New Draft Form 8997 and Qualified Opportunity Zone Regulatory Reform

Readers of last week’s blog on new draft Form 8996 will recall that Internal Revenue Code Section 1400Z was enacted as part of the Tax Cuts and Jobs Act and designed to provide certain tax benefits for investments in Qualified Opportunity Zones (QOZs) through investments in Qualified Opportunity Funds (QOFs). 

A quick explanation: An eligible taxpayer elects first to defer eligible realized capital gains invested into QOFs, with federal Form 8949 to be filed along with a federal income tax return. (An eligible taxpayer is any taxpayer who would otherwise owe federal income tax on a realized capital gain on the sale or exchange of an investment.) Form 8996 is filed by the QOF and its investments in the QOZ property, while Form 8997 is filed by the eligible taxpayer, as it relates to the investment of the capital gain proceeds into the QOF.

On September 25, 2019, the Internal Revenue Service released another form in draft status: federal Form 8997 “Initial and Annual Statement of Qualified Opportunity Fund Investments.” It requires even more information to be reported concerning these investments by eligible taxpayers. Read draft form 8997 here

Federal Form 8997 will be used by an eligible taxpayer holding QOF investments at any point in time during the year to report their QOF investments, the amounts of their deferred capital gains and other information.

It’s possible that the new Form 8997 is a reaction to the shining spotlight the media and Congress have put on underlying issues of QOZ eligibility and fairness. Pressure to make certain properties qualify for QOZ status (in areas that had not initially measured up to OZ qualifying standards) has proven to be pervasive. The exposure of these purported abuses has led to a lot of negative coverage of those involved and of the OZ initiative itself.

So, what is new in terms of increased taxpayer reporting?

Specifically, the released draft federal Form 8997, to be used by eligible taxpayers for the 2019 tax year, requires investors to report the following information for each QOF investment:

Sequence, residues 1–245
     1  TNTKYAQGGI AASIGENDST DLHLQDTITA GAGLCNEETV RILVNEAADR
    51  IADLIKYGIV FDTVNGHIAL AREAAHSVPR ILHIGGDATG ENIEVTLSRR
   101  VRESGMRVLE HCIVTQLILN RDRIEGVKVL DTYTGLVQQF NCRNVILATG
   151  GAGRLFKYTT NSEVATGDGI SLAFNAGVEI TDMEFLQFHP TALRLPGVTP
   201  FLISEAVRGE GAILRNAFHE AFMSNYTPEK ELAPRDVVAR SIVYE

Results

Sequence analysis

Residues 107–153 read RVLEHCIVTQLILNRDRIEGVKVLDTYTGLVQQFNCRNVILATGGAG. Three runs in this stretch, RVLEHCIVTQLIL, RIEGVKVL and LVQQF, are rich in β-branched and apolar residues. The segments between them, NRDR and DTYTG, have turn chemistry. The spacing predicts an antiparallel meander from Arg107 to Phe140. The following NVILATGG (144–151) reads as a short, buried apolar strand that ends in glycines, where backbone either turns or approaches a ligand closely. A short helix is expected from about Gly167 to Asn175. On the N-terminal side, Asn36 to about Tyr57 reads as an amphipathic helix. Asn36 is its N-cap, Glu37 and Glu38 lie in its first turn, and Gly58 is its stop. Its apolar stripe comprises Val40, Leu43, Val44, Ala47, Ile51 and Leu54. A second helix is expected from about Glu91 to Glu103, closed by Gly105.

• Part I: the reporting of all QOF investments held at the beginning of the year; the employer identification numbers, date on which the QOF investment was acquired and a description of QOF investments along with the amount of short-term and long-term deferred gain invested in each QOF

  • Part II and III: the reporting of all QOF investments acquired and disposed of during the year

  • Part IV: amount of short-term and long-term gain to be included in taxable income

QOZs and QOFs are very much on the minds of the Treasury and watchdog agencies across the country. While the potential for abuse is very real, it is important not to lose sight of the value that our state and federal legislators felt the program brings as a meaningful and impactful way to drive direct investment into underserved areas. It is not surprising that flaws in the law have been identified. Recognizing and taking effective steps to rectify these flaws is the timely effect of Form 8997.

The Treasury Department is inviting the public and other federal agencies to comment on this new form and the information being requested. To ensure your concerns are considered, comments should be received on or before December 2, 2019.

Eligible taxpayers should speak to their primary tax service providers to better understand and ensure compliance with the new reporting requirements related to their QOF investments. We will continue to monitor these developments, as well as other Opportunity Zone changes that will undoubtedly come.

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